- Google might be in trouble for collecting the personal data of its users, but many companies have a growing incentive to rid their hands of the data that users entrust them with – the growing costs of holding onto data.
- A major cause is the rising number of cyber-attacks where hackers steal the identity information held by companies, often to sell them on to various black markets.
- The security breach at Equifax – as a primary cause – resulted in around US$4.8 billion being wiped off Equifax’s market value from May to September 2017.
- The latest Breach Level Index (BLI) reports that only a meager 368m out of the 9.2 billion stolen records were concealed from potential hackers through the use of data-encoding technology.
- The rate at which valuable identity information is flying out of the control of firms is alarming – more than 3,500 records per minute.
- Around 23% of the top data-breaches over the past five years contained consumers’ identity information like names, dates-of-birth, addresses and account passwords.
- The volume and sophistication of these cyber-assaults will make executives of firms that hold sensitive data anxious about its safe keeping.
- As well as cyber-attacks, companies are having to contend with growing levels of regulation and the cost that comes along with remaining in compliance.
- One report found that banks spent nearly US$100 billion on compliance in 2016; this skyrocketing spend on compliance leaves little room for product development.
- The EU’s strict General Data Protection Regulation *GDPR will be enforced from May 2018, and already, implementing the necessary steps to adhere to the new regulation is proving to be expensive for organizations.
- Some estimates predict that purchasing the technology to adhere to the GDPR standards and avoid paying the exorbitant fines will cost Fortune 500 companies on average US$1m each.
- At the point where the cost of protecting identity assets outweighs the benefit of storing it, it becomes toxic for the organisation.
- As with any risk, companies must act to mitigate or remove it.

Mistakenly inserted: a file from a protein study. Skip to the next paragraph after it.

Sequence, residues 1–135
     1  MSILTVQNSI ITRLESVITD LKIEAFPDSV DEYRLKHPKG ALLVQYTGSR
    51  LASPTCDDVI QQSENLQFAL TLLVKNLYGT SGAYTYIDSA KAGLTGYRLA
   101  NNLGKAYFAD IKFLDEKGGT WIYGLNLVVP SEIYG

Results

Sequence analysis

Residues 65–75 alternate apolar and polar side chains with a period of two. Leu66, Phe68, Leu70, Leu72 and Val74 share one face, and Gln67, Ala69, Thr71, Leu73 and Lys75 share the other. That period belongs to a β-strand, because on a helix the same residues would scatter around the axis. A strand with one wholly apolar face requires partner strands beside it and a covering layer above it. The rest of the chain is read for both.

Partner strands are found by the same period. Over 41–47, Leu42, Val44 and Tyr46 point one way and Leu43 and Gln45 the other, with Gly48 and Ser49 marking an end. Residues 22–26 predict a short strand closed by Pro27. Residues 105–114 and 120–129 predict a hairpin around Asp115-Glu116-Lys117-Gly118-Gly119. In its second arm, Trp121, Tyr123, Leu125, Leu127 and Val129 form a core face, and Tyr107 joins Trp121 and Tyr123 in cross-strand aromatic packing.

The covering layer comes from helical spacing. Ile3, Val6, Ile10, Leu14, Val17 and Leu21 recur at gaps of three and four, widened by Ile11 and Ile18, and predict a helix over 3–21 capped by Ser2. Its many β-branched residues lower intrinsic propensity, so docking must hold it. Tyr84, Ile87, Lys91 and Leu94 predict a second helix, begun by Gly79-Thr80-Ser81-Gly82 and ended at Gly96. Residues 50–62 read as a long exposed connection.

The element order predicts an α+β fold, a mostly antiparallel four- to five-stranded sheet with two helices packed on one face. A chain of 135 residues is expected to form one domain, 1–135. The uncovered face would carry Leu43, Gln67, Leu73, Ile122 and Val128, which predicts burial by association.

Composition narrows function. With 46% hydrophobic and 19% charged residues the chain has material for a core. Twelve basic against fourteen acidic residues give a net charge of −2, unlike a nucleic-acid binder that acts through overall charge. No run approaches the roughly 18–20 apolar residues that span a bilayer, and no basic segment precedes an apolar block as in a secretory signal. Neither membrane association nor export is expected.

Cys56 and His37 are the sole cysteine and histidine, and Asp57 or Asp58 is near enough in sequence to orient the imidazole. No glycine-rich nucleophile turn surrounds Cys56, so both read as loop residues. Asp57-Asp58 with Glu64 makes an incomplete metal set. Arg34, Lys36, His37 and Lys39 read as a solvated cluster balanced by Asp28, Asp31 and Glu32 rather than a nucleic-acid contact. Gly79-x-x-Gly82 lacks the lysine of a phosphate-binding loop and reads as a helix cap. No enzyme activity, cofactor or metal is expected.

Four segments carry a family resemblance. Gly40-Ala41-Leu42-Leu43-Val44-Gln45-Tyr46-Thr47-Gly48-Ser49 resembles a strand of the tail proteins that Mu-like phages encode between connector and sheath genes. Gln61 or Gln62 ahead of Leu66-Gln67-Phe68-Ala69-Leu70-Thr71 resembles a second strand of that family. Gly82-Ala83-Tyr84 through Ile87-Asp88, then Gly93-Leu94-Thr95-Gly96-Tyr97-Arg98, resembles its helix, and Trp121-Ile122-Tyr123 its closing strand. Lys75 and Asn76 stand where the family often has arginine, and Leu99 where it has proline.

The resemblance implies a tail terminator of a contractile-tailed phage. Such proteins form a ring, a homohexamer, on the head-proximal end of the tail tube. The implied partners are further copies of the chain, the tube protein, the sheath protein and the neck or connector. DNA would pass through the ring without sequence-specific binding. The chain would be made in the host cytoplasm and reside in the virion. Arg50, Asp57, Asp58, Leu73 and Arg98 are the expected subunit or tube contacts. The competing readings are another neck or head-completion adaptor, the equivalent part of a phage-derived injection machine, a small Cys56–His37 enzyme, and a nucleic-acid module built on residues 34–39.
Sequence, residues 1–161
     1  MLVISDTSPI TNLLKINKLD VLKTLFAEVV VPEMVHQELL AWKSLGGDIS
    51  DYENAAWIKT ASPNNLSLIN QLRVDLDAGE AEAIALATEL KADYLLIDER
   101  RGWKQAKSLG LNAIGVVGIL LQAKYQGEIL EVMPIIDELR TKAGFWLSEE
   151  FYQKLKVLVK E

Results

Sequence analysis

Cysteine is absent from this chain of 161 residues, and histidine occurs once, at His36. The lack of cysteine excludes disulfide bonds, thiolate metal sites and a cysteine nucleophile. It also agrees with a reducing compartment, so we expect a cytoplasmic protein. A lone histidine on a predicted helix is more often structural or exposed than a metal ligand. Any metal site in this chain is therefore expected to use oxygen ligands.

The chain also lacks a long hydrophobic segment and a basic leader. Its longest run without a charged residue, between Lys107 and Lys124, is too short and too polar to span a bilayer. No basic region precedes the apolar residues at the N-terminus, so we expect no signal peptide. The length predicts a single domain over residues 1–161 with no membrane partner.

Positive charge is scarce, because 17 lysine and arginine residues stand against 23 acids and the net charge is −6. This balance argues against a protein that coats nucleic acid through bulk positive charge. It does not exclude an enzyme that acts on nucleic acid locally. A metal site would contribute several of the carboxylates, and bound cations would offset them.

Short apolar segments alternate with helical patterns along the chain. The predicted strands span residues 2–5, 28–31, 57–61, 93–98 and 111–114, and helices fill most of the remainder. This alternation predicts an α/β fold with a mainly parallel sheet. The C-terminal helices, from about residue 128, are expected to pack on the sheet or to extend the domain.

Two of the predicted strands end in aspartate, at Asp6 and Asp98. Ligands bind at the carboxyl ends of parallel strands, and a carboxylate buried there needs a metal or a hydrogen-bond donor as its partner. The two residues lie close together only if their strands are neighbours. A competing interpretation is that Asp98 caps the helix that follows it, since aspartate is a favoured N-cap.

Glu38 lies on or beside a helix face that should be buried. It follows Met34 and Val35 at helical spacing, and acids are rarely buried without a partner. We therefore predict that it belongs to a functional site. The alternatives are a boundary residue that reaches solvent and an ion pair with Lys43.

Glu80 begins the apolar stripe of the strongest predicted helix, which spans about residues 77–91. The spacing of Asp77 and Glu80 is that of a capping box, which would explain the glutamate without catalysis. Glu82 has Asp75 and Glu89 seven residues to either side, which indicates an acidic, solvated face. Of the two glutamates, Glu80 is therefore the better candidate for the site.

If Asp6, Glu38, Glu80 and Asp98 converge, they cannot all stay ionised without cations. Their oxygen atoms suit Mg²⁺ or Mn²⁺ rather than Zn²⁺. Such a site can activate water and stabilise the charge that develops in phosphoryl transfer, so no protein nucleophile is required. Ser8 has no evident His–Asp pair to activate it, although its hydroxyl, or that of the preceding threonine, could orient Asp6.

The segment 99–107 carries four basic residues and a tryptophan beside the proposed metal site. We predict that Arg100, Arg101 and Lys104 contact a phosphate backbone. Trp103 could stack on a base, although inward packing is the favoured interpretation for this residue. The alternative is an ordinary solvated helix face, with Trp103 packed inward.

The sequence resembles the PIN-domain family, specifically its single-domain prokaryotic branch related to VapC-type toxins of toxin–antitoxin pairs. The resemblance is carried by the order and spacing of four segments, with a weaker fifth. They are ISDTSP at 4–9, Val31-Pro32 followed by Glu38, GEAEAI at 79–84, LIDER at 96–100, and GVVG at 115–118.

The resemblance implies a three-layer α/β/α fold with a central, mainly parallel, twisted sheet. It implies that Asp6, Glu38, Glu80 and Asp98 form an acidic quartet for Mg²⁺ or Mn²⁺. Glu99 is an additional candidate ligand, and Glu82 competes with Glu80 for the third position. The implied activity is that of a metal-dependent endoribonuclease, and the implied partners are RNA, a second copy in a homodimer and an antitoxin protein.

- Models for a decentralised identity are emerging with parallel developments in the creation of a decentralised web.
*Source: The Conversation, December 04, 2017
Morrisons Data Leak: Supermarket Liable for Staff Details Breach*:
- Morrisons has been found liable for the actions of a former member of its staff who stole the data of thousands of employees and posted it online.
- Workers brought a claim against the company after an employee stole the data, including salary and bank details, of nearly 100,000 staff.
- The case is the first data leak class action in the UK, and Morrisons said it believed it should not have been held responsible and would be appealing against the decision.
- The case follows a security breach in 2014 when a senior internal auditor at the retailer's Bradford headquarters leaked the payroll data of employees, posting them online and sending them to newspapers.
- The accused was jailed for eight years in 2015 after being found guilty at Bradford Crown Court of fraud, securing unauthorised access to computer material and disclosing personal data.
- Lawyers said the data theft meant 5,518 former and current employees were exposed to the risk of identity theft and potential financial loss and that the company was responsible for breaches of privacy, confidence and data protection laws.
- Any further hearing about amounts of compensation will not take place until the company's appeal has concluded.
*Source: BBC, December 01, 2017